The fight card for the first GOP debate was announced by Fox News on Tuesday night. As far as anyone knows, there will be no body slams, no head butts and, (please, God) no leotards. But the field promises as much drama and overwrought showmanship as any professional wrestling extravaganza.
The 10-person field means that the primary objective for a large percentage of the participants will be to simply get noticed in some way or another. A few of the leaders, with the possible exception of billionaire real estate mogul Donald Trump, may try to avoid getting their hands dirty, but from the opening bell Thursday, most will simply want to stand out in the midst of the melee.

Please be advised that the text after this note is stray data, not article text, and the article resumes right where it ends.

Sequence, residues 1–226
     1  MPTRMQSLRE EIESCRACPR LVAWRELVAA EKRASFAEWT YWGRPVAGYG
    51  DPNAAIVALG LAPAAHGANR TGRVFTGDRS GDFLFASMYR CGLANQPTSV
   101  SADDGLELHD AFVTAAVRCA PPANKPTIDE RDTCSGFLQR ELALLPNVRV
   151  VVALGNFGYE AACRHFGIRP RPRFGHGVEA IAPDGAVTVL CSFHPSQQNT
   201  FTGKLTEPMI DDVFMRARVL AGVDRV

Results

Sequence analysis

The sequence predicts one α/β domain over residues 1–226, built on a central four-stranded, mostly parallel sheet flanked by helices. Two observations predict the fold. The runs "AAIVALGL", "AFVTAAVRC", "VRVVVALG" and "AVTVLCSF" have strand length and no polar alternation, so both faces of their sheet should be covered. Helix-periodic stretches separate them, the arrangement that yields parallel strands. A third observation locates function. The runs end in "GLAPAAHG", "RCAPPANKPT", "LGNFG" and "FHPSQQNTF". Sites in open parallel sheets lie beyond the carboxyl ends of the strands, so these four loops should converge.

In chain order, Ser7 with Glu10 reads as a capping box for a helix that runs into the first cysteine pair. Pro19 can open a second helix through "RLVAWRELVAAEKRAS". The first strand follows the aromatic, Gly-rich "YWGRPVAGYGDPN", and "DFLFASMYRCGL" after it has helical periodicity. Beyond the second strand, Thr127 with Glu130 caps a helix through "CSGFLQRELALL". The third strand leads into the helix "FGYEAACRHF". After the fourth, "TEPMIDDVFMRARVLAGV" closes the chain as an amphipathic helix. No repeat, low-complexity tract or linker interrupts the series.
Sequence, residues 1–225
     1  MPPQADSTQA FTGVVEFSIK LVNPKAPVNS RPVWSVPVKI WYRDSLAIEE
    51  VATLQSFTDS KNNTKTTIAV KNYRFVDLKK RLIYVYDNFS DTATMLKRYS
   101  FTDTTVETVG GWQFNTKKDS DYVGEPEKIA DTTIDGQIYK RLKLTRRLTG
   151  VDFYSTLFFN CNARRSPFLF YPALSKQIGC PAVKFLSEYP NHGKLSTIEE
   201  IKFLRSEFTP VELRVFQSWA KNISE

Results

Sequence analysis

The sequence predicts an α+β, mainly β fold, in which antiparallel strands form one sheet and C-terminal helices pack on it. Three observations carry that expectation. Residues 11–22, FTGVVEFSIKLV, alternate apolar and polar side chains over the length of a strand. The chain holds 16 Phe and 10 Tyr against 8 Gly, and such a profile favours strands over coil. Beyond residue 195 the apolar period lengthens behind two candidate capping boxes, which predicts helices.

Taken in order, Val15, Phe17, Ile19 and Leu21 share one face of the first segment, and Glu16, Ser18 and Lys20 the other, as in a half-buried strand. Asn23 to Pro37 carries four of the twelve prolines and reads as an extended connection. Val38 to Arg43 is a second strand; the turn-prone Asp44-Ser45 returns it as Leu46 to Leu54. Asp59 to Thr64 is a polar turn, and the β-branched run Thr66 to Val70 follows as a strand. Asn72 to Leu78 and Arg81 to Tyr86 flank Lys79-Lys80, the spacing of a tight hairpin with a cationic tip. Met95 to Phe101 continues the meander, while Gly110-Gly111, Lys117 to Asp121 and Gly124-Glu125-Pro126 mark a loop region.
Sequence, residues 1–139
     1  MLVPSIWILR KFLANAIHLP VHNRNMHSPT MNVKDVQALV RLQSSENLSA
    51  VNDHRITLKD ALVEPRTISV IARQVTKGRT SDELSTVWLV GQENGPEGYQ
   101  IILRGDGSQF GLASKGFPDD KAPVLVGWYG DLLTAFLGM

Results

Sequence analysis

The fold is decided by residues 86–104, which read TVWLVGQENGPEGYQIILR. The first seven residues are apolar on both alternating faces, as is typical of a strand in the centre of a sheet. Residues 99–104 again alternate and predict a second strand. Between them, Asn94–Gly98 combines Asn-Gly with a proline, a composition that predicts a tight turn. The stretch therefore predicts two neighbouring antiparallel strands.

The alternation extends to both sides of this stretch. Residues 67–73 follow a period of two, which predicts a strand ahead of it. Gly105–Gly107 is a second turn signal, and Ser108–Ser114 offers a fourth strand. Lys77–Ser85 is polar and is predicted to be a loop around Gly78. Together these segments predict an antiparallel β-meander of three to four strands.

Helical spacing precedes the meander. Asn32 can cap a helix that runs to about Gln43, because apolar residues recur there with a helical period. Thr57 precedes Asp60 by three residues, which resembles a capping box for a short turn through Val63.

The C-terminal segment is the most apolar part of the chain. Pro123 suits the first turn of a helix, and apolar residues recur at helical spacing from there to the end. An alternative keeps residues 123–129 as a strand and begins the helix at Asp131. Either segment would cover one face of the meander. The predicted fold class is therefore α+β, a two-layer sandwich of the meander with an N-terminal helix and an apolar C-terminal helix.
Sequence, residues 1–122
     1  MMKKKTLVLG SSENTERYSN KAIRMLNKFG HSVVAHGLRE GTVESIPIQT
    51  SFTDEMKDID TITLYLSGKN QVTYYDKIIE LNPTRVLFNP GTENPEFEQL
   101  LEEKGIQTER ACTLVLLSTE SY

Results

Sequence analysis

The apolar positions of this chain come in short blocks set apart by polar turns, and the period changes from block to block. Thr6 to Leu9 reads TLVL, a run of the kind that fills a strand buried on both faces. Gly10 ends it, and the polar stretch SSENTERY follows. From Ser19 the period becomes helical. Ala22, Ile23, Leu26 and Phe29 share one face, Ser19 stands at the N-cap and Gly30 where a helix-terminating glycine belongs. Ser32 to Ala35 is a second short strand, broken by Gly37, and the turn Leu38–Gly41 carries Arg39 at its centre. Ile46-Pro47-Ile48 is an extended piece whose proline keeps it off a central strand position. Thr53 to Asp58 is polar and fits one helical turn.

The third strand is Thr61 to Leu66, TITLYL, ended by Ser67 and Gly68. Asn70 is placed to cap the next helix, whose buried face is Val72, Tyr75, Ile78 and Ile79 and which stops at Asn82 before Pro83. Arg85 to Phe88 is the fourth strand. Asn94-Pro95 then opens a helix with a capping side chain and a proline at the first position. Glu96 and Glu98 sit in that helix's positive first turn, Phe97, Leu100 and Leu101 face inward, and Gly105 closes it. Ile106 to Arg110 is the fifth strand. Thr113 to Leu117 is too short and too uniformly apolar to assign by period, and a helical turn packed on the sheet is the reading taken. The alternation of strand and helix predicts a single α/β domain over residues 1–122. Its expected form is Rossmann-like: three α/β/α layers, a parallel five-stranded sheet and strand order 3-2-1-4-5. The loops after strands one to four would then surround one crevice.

As fight cards go, it's a big one. Here are the contenders, in the order of prominence of their position on the stage, along with the strategies they're likely to employ.
Donald "The Teflon Don" Trump
Trump comes into the debate as the uncontested leader in the polls, which means he'll have a target on his back. The Donald's got a choice to make – he can try to respond to attacks and criticisms in his signature over-the-top style, or he can try looking presidential for a change. His best move will be to stay mostly above the fray, maybe throwing out a few select zingers along the way but otherwise letting attacks slide off him. Key will be not getting sucked into detailed policy questions that, frankly, he probably can't answer.